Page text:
April 7 2010 : Mmoloki Raletobana is on the other end of the phone. The Member of Parliament for Kweneng South is trying to convince me that there is still life for Barata-Phathi members in the BDP after the controversial Big Five Lodge meeting.
Specifically, the MP who is one of seven linked with the BDP breakaway party is saying, “there is still hope for reconciliation.” He is filling me in on his recent meetings with President Lt Gen Ian Khama and Vice President Lt Gen Mompati Merafhe convened to try and address the party crisis.
Raletobana is unapologetic that having been part of the Big Five Lodge meeting that mooted the formation of a new party; he has entered into peace talks with the BDP leadership behind the back of his colleagues. “I am still a member of the BDP, the party leadership has not done anything wrong to me, but I am with Barata-Phathi because we share the same principle and are unhappy with the goings on inside the BDP. I however feel that we should give reconciliation a chance.”
The Member of Parliament represents a small but important constituency inside Barata-Phathi who are still struggling with a bundle of emotions. These are easy pickings for BDP leaders who have already started identifying vulnerable members of the planned breakaway party and pressuring them to come back.
Barata-Phathi insiders are however optimistic that despite the pressure on individual members, most have held their nerve. “In fact we are growing the number instead of losing some, so I am pleasantly surprised,” said an insider.
For most Barata-Phathi members, Raletobana’s proposal that they should apologize to the BDP leadership is a non- starter. The group has had to work hard to win back the public faith they lost after they failed to vote in Gomolemo Motswaledi into parliament as specially elected member in October last year.
Riding the crest of a public sympathy wave, Barata-Phathi members held nocturnal meetings with the opposition Botswana National Front (BNF) and Botswana Congress Party (BCP) to share among themselves parliamentary seats for specially elected members. Under the deal, Barata Phathi was to have two seats while the remaining two seats were to be shared between the BNF and the BCP. The alliance between Barata-Phathi and the opposition would have wrested parliamentary control away from President Khama.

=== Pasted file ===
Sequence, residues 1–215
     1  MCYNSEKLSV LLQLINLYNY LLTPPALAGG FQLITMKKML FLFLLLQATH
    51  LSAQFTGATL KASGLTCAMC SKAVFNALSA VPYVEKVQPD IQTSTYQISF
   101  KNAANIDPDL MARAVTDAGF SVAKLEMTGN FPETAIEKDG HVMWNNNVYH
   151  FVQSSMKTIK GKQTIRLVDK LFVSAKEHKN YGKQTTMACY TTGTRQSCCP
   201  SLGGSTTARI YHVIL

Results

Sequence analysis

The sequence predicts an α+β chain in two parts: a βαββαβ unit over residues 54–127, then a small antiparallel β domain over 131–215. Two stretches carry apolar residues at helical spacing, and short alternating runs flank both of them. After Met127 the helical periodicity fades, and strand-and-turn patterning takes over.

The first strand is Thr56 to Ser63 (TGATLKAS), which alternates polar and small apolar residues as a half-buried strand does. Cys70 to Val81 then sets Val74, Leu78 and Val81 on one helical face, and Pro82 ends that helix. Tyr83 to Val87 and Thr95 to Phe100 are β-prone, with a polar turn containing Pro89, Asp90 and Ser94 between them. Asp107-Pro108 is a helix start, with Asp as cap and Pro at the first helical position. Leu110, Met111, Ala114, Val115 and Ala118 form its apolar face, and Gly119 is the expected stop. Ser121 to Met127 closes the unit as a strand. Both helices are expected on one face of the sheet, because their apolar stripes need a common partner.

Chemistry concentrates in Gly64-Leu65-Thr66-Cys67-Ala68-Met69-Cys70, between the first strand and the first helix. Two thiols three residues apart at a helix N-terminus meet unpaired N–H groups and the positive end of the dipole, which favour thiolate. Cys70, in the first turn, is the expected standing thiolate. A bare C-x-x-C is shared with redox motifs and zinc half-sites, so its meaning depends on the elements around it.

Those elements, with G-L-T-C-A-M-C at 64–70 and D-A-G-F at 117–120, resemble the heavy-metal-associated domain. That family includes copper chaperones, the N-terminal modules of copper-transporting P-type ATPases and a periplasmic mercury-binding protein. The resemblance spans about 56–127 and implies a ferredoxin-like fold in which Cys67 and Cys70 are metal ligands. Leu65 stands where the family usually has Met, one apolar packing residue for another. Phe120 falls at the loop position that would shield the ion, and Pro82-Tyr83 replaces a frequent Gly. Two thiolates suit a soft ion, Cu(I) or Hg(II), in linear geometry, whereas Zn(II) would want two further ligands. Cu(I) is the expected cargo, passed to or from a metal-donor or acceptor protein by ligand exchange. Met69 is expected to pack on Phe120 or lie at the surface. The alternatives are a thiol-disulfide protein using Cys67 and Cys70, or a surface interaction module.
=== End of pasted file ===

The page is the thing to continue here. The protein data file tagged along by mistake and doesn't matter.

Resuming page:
The BDP president, however, out-maneuvered Barata-Phathi and most of their loyalists watched in disappointment as the plan unraveled on the parliament floor. Barata-Phathi managed to regroup but has not recovered to its former strength. It is feared that a compromise with the BDP leadership would come at the cost of public confidence for Barata-Phathi. This would make them sitting ducks for the witty Khama. For most Barata-Phathi members, it is a matter of political life and death.
Barata-Phathi insiders are optimistic that once a new party has been registered and alliance deals with the opposition in place, “many more” will resign from the BDP to join them. How many? Barata-Phathi insiders don’t want to put a figure on it, but suggests it will be “a significant number”. One insider says that it is not only backbenchers who are torn, but ministers too, between wanting to trust the leadership, yet having grave doubts about the position party finds itself in: ” Most know that unless they cross the floor, they will not be able to retain their constituencies against the combined strength of Barata-Phathi and the opposition in the next elections. I think there are very few people anywhere on the BDP benches who are happy with the position that we find ourselves in.”
Yet if – as at present looks more likely, given the positions adopted by the two BDP factions, a new splinter party is registered the BDP would have to work hard to dam the expected flood of resignations.
A number of options are being mooted. It is understood that the party central committee has been pondering over a snap election that would catch both Barata-Phathi and the opposition still in disarray.